25   JodyChunder   ignore (3)   2012 Oct 4, 1:57pm     ↓ dislike (0)   quote   flag        

ELC says

I wouldn't. Poor people tend to have lots of juvenile deliquents. Also if a neighbor has roaches you end up fighting off their roaches.

But they don't have impunity, like the juvenile brats of the rich and well-connected. The Juves around here aren't a hassle because I see right through them. The last little shit that spat on my car and called me a fuckface is now working in my tinting and detailing shop, pulling down some decent pay. I give him a small bonus for every book he finishes reading from the 800's section. He's gotten two bonuses so far.

The worst blight to any human spirit is the humiliation of poverty and so these kids try to fix it via the path of least resistance, which is usually crime. I try to help prevent that anytime I can by putting their asses to work.

Roaches and rats are in the best neighborhoods, BTW.

http://www.laweekly.com/2008-07-31/news/rathouse-of-the-palisades/

26   Michael Cooke   ignore (0)   2012 Oct 4, 2:52pm     ↓ dislike (0)   quote   flag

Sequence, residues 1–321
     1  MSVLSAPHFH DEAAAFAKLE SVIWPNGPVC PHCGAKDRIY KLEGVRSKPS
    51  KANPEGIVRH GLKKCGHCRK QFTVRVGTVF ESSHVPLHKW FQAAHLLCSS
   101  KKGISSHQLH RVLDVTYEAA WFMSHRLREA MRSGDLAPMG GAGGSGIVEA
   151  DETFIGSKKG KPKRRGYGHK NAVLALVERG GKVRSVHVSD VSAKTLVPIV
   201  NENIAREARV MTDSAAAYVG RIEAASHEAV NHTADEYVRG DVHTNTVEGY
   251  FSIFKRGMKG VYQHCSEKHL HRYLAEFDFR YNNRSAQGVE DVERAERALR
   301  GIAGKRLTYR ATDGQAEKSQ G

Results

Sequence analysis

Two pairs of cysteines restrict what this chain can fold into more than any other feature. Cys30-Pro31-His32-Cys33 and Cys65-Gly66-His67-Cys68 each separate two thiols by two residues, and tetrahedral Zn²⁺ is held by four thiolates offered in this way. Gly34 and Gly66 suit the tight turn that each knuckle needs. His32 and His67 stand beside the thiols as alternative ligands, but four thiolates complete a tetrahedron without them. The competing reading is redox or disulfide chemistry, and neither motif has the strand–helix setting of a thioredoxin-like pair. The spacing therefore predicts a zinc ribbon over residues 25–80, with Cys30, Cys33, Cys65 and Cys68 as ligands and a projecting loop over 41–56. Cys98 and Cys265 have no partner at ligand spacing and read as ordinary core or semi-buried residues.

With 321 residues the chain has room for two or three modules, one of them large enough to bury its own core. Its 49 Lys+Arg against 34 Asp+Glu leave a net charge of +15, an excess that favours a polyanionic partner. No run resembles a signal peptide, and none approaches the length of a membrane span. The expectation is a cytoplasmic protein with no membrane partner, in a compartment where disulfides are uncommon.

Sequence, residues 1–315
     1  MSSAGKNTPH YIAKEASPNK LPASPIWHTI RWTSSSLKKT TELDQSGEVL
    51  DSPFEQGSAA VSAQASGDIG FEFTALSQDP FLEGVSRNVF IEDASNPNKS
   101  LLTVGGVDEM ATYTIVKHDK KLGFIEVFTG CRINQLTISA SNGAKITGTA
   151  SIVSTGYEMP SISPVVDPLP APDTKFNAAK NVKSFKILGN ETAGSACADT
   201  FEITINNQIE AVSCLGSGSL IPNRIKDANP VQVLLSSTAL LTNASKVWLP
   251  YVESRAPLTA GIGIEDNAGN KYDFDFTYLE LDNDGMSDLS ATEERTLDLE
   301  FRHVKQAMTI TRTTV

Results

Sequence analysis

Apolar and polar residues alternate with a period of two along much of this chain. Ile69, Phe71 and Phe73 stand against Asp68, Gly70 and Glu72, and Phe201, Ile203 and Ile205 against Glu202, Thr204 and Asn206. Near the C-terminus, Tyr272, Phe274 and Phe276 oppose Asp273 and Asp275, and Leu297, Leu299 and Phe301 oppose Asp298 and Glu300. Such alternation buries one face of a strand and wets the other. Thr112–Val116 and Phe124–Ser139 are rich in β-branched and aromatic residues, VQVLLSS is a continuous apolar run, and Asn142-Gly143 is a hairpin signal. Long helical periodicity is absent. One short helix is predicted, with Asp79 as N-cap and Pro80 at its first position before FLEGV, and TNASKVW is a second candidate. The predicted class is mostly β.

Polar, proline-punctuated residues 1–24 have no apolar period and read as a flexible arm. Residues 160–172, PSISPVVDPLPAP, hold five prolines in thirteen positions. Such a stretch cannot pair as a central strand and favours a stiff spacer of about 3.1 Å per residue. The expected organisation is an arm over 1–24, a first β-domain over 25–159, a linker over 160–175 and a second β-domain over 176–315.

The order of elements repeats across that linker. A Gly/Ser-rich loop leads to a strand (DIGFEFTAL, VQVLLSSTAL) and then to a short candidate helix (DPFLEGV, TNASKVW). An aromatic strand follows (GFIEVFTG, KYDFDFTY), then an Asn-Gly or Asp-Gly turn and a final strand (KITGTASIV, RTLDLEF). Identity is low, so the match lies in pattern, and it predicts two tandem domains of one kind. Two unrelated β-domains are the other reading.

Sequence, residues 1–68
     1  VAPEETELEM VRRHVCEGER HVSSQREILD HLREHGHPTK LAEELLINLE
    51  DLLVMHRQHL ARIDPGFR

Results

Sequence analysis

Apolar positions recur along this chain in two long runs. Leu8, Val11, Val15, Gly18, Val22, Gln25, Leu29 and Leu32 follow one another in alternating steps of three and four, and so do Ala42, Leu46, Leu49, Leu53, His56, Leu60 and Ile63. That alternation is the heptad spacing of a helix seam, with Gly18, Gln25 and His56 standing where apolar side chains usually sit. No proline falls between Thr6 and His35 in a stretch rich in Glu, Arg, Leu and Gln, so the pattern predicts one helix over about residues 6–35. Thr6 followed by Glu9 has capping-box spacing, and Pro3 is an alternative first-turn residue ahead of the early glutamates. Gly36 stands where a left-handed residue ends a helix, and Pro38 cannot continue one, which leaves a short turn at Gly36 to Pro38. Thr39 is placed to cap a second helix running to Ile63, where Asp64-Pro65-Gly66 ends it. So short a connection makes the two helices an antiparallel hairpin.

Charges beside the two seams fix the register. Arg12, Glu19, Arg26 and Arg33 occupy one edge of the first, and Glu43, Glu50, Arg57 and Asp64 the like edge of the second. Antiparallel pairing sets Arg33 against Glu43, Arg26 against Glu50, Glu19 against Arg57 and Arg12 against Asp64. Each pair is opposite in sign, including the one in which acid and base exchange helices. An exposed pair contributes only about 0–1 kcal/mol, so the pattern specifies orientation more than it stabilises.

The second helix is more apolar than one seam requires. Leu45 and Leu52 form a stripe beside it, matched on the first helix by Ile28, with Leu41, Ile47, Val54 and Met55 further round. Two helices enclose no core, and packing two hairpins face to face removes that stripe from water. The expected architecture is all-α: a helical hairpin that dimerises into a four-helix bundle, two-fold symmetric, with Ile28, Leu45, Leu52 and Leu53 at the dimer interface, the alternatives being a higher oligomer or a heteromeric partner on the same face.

You're talking about exceptions to the rules. I'm glad your such a nice person, to give a punk stranger who spit on your car and cursed at you a job. However most people wouldn't do this.

Right. There was a house in Pacific Palisades where two deeply disturbed women lived who belonged in a state mental hospital.

Chances are they inherited their house and paid $20 a month in property tax thanks to Prop 13 in California. This allowed them to remain in a house they would have been forced to leave otherwise. And I wonder what type of neighborhood they would have moved to.

What your talking about are exceptions to the rules.

27   JodyChunder   ignore (3)   2012 Oct 4, 3:19pm     ↓ dislike (0)   quote   flag        

Michael Cooke says

What your talking about are exceptions to the rules.

What I'm talking about is that there are no rules. The idea that you can just move to an overpriced neighborhood and price-out all the cretins is facile, at very best.

28   Michael Cooke   ignore (0)   2012 Oct 4, 3:23pm     ↓ dislike (0)   quote   flag        

ELC says

That's beside the point. The crack addicts are begging for money on the streets right in front of these condos. South Beach too and they're very pushy.

True. But this applies to almost every metropolitan area. There there is nothing you can do except not give them any money. This will make them go away.

I'd always believed that if someone was in a position were they have to beg a stranger for money you should always give it to them no questions asked no matter what. They are destitute and need food.

Then I moved to Los Angeles. I would have the same bum ask for money in areas I frequented. I realized most were there due to their own choices addicted to drugs or did not want to work etc. And the more you subsidized something the more you encourage it.